At English Martyrs School we know that reading for pleasure is an important step in becoming fluent and confident readers and writers so we aim to instill a lifelong love of reading and provide lots of opportunities to enjoy and share books with others.
A language rich environment enables pupils to access new and challenging vocabulary on a daily basis and every class has a reading area with a wide selection of books, specifically suited to their age group. Our well resourced library has a huge range of new and classic texts including newspapers and magazines to appeal to all ages and interests and children are encouraged to visit the library, borrow books and publish their own online reviews and recommendations. This year we have also subscribed to a new online reading scheme called Reading Eggs that children can access from home, to develop their reading and comprehension skills through exciting games and quizzes that make learning fun.
Reading skills are systematically taught throughout the school beginning in Early Years with our ReadWrite inc phonics scheme which teaches children to read by sounding out words. Staff also read one to one with every child to support early comprehension skills such as talking about the characters and events in a story. In Key Stage 1 children continue to build on their fluency in decoding to read and develop more complex comprehension skills so they can demonstrate their understanding of a text by discussing and explaining their ideas. Teachers model reading strategies during shared reading sessions, whilst children have the opportunity to analyse and discuss texts in detail during small group guided reading sessions.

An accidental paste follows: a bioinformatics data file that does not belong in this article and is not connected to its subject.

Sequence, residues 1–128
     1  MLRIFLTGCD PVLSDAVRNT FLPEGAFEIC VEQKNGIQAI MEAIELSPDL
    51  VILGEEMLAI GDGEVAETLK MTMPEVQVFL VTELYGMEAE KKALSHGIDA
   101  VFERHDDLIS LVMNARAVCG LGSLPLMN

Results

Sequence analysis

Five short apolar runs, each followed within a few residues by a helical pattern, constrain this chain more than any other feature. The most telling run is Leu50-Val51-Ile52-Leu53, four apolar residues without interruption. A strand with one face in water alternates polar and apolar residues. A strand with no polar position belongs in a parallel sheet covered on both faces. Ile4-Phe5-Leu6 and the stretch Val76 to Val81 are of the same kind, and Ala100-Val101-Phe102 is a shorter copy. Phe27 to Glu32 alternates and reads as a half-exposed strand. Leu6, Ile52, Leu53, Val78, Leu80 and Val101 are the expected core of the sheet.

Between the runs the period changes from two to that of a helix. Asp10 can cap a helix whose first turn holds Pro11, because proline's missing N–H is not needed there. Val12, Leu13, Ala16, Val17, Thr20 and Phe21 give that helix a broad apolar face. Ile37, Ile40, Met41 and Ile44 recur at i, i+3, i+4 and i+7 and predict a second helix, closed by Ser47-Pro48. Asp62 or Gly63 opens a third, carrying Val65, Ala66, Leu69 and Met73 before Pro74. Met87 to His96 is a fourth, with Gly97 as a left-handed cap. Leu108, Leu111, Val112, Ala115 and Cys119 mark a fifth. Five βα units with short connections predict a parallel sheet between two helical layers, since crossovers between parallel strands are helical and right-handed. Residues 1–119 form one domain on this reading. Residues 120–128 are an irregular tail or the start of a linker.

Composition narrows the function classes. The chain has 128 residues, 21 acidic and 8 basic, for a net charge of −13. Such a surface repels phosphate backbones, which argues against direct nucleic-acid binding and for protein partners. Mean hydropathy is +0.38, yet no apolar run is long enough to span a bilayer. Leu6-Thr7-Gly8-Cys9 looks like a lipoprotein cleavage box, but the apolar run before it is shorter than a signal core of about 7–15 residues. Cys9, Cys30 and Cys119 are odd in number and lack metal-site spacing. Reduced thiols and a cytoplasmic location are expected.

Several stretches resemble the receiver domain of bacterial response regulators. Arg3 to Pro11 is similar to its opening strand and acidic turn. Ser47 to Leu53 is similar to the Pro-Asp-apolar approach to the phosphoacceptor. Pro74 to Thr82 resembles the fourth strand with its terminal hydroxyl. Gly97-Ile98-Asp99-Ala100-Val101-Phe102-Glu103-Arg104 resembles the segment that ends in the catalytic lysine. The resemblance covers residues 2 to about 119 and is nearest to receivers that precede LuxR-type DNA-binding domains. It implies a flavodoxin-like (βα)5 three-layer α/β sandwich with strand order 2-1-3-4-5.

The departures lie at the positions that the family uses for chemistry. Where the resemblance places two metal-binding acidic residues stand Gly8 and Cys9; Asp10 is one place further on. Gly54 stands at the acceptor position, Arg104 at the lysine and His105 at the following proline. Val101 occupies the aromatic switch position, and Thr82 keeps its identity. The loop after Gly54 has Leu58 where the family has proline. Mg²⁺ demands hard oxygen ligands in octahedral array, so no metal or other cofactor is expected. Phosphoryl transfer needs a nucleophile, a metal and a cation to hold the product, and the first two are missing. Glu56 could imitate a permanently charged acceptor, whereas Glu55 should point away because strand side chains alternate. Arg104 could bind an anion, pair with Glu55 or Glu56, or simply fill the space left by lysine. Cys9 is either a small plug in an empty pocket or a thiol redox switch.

A range of reading schemes are used to support early readers including Oxford Reading Tree, Project X and Rigby Star as well as banded book packs for guided reading in groups. Teaching assistants support reading activities to ensure that children have more frequent opportunities to read with adults and the school also provides additional support for children who find reading challenging, for example through Reading Recovery, ABC to Read, Reading Buddies and by training parents who come in to help to be reading coaches.
Children from Early Years upwards bring home a reading book suitable for their reading ability from our banded scheme. We encourage parents to record comments in their child’s home school reading record so that teachers and parents can share information about their child’s progress in reading. Parents are encouraged to read with their child daily and information is given on how to support their child with reading at phonics workshops, parent evenings, events such as Story Night and in the weekly school newsletter.
In Key Stage 2 the school uses the Rigby Navigator guided reading scheme, which consists of a core scheme with a wide range of supplementary reading material across all the different genres. Once children have reached the free reading stage, children can select books to take home, from well resourced, age-appropriate books in the classroom. Those still learning to read have access to a series of books specifically developed to help children continue to grow in confidence as readers with a text that also appears appropriate for their age group.
As a school we have arranged exciting and rewarding activities in school to promote the pleasure and knowledge that can be gained from books, for example we have held several KS1 Story Nights where families come along in their pyjamas to hear teachers reading some well-loved, classic stories. We also celebrate World Book Day every year with a book character parade and lots of games and activities, enjoy visits from published authors and poets and take part in performances by professional theatre groups that bring texts to life.
No matter their age, we still encourage all readers to share a book at home with their grown-ups. We believe that this not only helps to develop inferential skills, but also supports a lifelong love of reading. We recognise the value of adults (both in school and at home) reading aloud to children, in order to improve their grasp of story language, enthuse them with a love of books and inspire them as writers.